BMCR 2012.05.09

The Religious History of the Roman Empire: Pagans, Jews, and Christians. Oxford Readings in Classical Studies

, , The Religious History of the Roman Empire: Pagans, Jews, and Christians. Oxford Readings in Classical Studies. Oxford; New York: Oxford University Press, 2011. xxi, 577. ISBN 9780199567355 $75.00 (pb).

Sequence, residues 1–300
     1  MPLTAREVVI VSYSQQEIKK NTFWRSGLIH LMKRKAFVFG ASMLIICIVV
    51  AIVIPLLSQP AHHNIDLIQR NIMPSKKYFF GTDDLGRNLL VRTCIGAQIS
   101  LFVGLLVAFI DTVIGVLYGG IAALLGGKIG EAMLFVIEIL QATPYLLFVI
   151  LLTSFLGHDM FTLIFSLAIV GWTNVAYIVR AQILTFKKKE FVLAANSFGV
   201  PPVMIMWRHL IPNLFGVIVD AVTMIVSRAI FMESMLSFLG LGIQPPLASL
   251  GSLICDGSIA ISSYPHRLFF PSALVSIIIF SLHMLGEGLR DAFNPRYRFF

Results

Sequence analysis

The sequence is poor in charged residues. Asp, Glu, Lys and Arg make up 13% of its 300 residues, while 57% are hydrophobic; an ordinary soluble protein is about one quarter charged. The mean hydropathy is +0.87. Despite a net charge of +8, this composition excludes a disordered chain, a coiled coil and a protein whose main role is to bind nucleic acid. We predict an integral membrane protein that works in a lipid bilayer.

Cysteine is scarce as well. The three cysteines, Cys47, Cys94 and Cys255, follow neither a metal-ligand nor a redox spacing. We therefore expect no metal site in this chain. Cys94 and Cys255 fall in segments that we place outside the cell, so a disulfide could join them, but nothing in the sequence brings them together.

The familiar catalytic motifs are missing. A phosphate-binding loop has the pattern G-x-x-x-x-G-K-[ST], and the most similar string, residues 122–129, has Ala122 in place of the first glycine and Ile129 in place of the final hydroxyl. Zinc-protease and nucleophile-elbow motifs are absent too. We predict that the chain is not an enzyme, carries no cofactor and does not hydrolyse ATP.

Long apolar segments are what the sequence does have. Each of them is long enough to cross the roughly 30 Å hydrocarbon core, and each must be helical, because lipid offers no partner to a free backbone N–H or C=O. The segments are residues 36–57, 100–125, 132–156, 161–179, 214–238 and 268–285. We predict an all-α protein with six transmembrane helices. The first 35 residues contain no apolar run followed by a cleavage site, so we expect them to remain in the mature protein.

The latest volume in the Oxford Readings in Classical Studies series, The Religious History of the Roman Empire, is a demanding collection of seventeen essays various in subject matter, ranging from the very theoretical to the much more concrete, and very recent in date (the oldest contribution, that of Averil Cameron, is from 1994; the most recent is from 2007, along with four from 2006).1 In a moment I shall have more to say on the organization of the volume and some of its features, but a few remarks on the book’s purpose and audience are warranted first.2 In the very brief introduction (1-5), it is made clear that the collection intends to showcase the necessity of interdisciplinarity in the study of ancient religions, rather than leaving pagans to the Classicists, Christians to the Theology Faculties, and Jews to the Jewish Studies scholars, because studying any of these groups in isolation “will always result in a warped and partial view of their histories” (2). To that end, the editors have selected papers that “illustrate the work of some of the scholars who have influenced the arguments” and that “indicate some of the key moments” in the debates on the religious history of the Roman Empire (1). Thus many of these essays are dense, rigorous, and highly technical, and sometimes difficult to understand without a good deal of background knowledge. At the same time, “the selection of the work” is “designed to cater for those taking courses, whether in History, Religious Studies, Classics, or any other related discipline” (5)—that is, students will “find [it] a valuable introduction to the study of developments in ancient religious life” (5). There is, it seems to me, a tension between these two goals, because some of the material is pitched not to the student but to the specialist. The fact that all citations from languages other than English have been translated alleviates some of the potential difficulties, as do the incredibly useful individual bibliographies for each essay along with the “Suggestions for Further Reading” included at the end (564-71); but best of all would have been a longer and more detailed introduction elucidating how the papers fit together, relate to one another, and take their place in the larger debates of which they are obviously a part. There are interesting connections to be made among several of the contributions, but these are left implicit for the reader to discover. For the student, the novice, and the non-specialist instructor some guidance would have been useful. As it stands, for those particular audiences the book will best function as a collection of supplementary case-studies for a narrative history such as that by M. Beard and the two editors of the collection under consideration.3